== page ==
Ready for the government to control how you spend your money?

Buried in Joe Biden's spending bill of $3.5 trillion is a provision requiring financial institutions to report to the IRS account transactions (deposits or withdrawals) on accounts totaling more than $600.  Not only will the IRS be tasked with monitoring your bank account, but every time you swipe your debit card or write a check for more than $600, the IRS will be notified.  Last week, Treasury secretary Janet Yellen not only confirmed the proposal during a Financial Services Committee hearing but adamantly supports the snooping.  In truth, the proposal is an enormous government data-grab, the measure will add significant regulatory burdens for banks and credit unions, and it's a blatant attempt to control how you spend your money.

Setting aside the invasion of privacy for a minute, tracking all transactions over $600 will be problematic for the IRS, a government agency not known for competence and efficiency.  One need not look any farther than the recent disbursement of billions of dollars of pandemic stimulus money, plagued by accounting and mailing errors, which ranged from stimulus checks sent to people who weren't eligible, contrasted with people who are eligible and are still waiting for their checks.  In fact, the provision will fundamentally change the information financial institutions are required to report to the IRS and force banks and credit unions to provide the government with information that does not reflect taxable activity. 

The goal is to capture additional taxable income, which the White House estimates to be in the neighborhood of $463 billion over the next decade.  There is no evidence that confirms the estimate; it's simply a contrived war on bank, loan, and investment income that the White House claims is unreported.  The claim is dubious, insofar as banks and investment firms are required by law to file the 1099-INT form on all accounts.  The only people guilty of unreported income are those people not filing income tax returns expressly for the purpose of tax evasion.  More importantly, the cost for financial institutions to comply is staggering, requiring banks to update software, train additional staff, and manage the burdensome regulations.  All of this will come at a cost, passed down to the consumer. And there's always the threat of security breaches.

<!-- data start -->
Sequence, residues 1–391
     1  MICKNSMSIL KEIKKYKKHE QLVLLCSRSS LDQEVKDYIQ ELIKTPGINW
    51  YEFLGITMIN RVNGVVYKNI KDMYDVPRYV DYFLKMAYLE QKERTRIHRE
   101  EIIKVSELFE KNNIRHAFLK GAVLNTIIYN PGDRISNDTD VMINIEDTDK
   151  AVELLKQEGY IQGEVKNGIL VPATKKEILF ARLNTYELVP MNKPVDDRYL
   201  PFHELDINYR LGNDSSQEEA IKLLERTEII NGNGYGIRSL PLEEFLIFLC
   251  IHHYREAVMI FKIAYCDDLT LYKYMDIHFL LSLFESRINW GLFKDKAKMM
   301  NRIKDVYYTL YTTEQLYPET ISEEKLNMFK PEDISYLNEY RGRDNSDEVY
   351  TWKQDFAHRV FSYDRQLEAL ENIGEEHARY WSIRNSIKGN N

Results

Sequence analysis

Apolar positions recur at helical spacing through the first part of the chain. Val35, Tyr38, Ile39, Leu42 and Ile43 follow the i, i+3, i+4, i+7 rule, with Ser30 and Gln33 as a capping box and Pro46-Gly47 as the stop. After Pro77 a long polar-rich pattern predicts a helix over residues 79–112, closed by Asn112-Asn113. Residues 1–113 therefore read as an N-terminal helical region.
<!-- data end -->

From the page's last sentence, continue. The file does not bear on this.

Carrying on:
The absurdity of monitoring bank accounts and reporting transactions over $600 can't be emphasized enough. During the Financial Service Committee hearing, Wyoming congresswomen Cynthia Lummis pressed Secretary Yellen on the necessity of the reporting requirement stating, "Are you aware of how unnecessary this regulatory burden is," adding,  "Do you distrust the American people so much that you need to know when they bought a couch?  Or a cow?"  Lummis has since co-sponsored Senator Mike Crapo (R-Idaho)'s amendment to prevent financial institutions from monitoring and reporting sensitive American taxpayer information to the Internal Revenue Service.

The last time Democrats attempted to pass a massive legislative behemoth, Nancy Pelosi remarked, "We need to pass the bill so that you can find out what is in it."  Not this time, Madame Speaker.  Not this time!

Image: PublicDomainPictures via Pixabay, Pixabay License.

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